Tag Archives: cyberlaw

Smart people sign up for Smart Cities event

I’m delighted to share news of a two-day workshop on “Designing Smart Cities – opportunities and regulatory challenges” at the University of Strathclyde (Glasgow) later this year (31st March/1st April).

The event takes place at Strathclyde’s spectacular new Technology and Innovation Centre (TIC). I’ve been watching this building rise over the last few years (I regularly attend an exam board across the road from it), and I’m sure I won’t be the only one looking forward to seeing what they have done with the place.

There are some excellent speakers lined up.  (And when they’re all done, I’ll speak too). Smart cities is a topic that attracts a lot of interest and equal amounts of enthusiasm and cynicism (see for instance this recent Guardian series). Unsurprisingly, the speakers and topics are drawn from a very wide range of disciplines. Here’s a list of the things you are likely to hear about:

  • What are Smart Cities? Local and international perspectives.
  • Comparative International Perspectives: considering differences between developing & developed nation projects
  • Policing and privacy in smart cities: looking at ambient public space monitoring, public engagement & algorithmic surveillance
  • Ubiquitous computing, connected data and privacy in the home
  • Future Energy Management and Sustainability: considering implications of smart grids & metering e.g. climate change, privacy
  • Intelligent Built Environments & Urban Living: the role of big data in planning & design; growth of adaptive architecture e.g. buildings changing due to biometric inputs
  • Smart transport Infrastructure: aspects of intelligent roads and autonomous cars
  • Creative Smart Cities: issues such as ambient public art
  • Play through sports e.g. marathons; large scale events like Glasgow Commonwealth Games 2014

I’m particularly excited at the opportunity to hear a number of excellent speakers in person for the first time, including David Murakami Wood (Canadian-based expert on surveillance – and Newcastle graduate!), and Maynooth’s Rob Kitchin (a leading Irish geographer who ran the National Institute of Regional and Spatial Analysis and is working more and more on questions of data). The event is put together by Strathclyde’s professor of Internet law, Lilian Edwards.

Registration is currently free. Many of the events I’ve seen advertised on this topic are clearly targeted at those with very deep pockets; like so many emerging areas, it can seem that the expertise is only available at a high price. Sponsorship of this event allows for free registration, subject to availability. You can register at this link. Places are limited.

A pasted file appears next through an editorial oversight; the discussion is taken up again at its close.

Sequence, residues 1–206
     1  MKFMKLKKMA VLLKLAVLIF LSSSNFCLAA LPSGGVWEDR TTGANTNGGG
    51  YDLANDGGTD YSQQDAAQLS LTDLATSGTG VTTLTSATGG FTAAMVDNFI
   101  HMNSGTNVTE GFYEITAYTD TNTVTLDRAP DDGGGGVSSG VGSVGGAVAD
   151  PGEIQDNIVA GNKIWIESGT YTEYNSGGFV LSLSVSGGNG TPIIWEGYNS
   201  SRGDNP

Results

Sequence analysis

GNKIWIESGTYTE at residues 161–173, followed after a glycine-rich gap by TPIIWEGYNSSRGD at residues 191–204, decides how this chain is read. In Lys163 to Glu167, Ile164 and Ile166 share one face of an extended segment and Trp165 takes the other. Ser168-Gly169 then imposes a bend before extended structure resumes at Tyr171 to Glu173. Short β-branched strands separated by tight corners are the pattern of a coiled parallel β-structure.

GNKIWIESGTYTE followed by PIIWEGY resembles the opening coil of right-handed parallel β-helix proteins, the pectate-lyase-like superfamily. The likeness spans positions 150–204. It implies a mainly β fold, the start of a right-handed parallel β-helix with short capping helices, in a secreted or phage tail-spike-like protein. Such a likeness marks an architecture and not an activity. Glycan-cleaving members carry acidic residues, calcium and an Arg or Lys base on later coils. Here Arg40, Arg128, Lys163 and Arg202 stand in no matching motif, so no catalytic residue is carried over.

Games and gambling

Two pieces of mine have recently appeared in online law journals. They are available without charge or login from the journals concerned; both journals are open access journals. You can also download the articles from SSRN.

The first article emerges out of the CREATe project on games, transmedia and the law. Along with my UEA friends Dr. Keith M. Johnston and Dr. Tom Phillips, I have been thinking about legal and business issues in and around the games industry, with a particular interest in new and emerging business models. This particular piece, “Multiplayer Games: Tax, Copyright, Consumers and the Video Game Industries” (European Journal of Law and Technology | SSRN) is a discussion of the impact of legal measures in each of the three cited fields.

The successes of the games industry requires an analysis of the way in which the state is influencing, or attempting to influence, the development of the sector. Drawing from a research project on games, transmedia and the law, including a roundtable with developers and others from the industry, a critical perspective is provided on the impact of three types of law (tax, consumer and intellectual property) on the UK industry. The negotiation and eventual approval of a tax credit for video game development expenditure is reviewed. This is an example of the games industry lobbying for and welcoming the creation of a specific (but film-influenced) legal status for the “video game” – but the passage of the scheme raises troubling questions about the cultural status of games. A significant commercial issue, that of consumer protection, is then discussed. Consumer legislation may prove to constrain certain developments in relation to games; it is argued that there is a special impact on new platforms, because of the (deserved) official attention now being paid to in-app purchases. In relation to intellectual property, the alignment (or misalignment) of copyright law with concepts of value in the sector is considered, with particular reference to “cloning”. In conclusion, the particular impact of the three fields on new platforms, and the different degrees to which legislation is contributing to the development of the games sector, is considered. It is argued that the emerging business model of F2P non-console games is not handled as well as it should be, particularly as compared with other business models in the sector.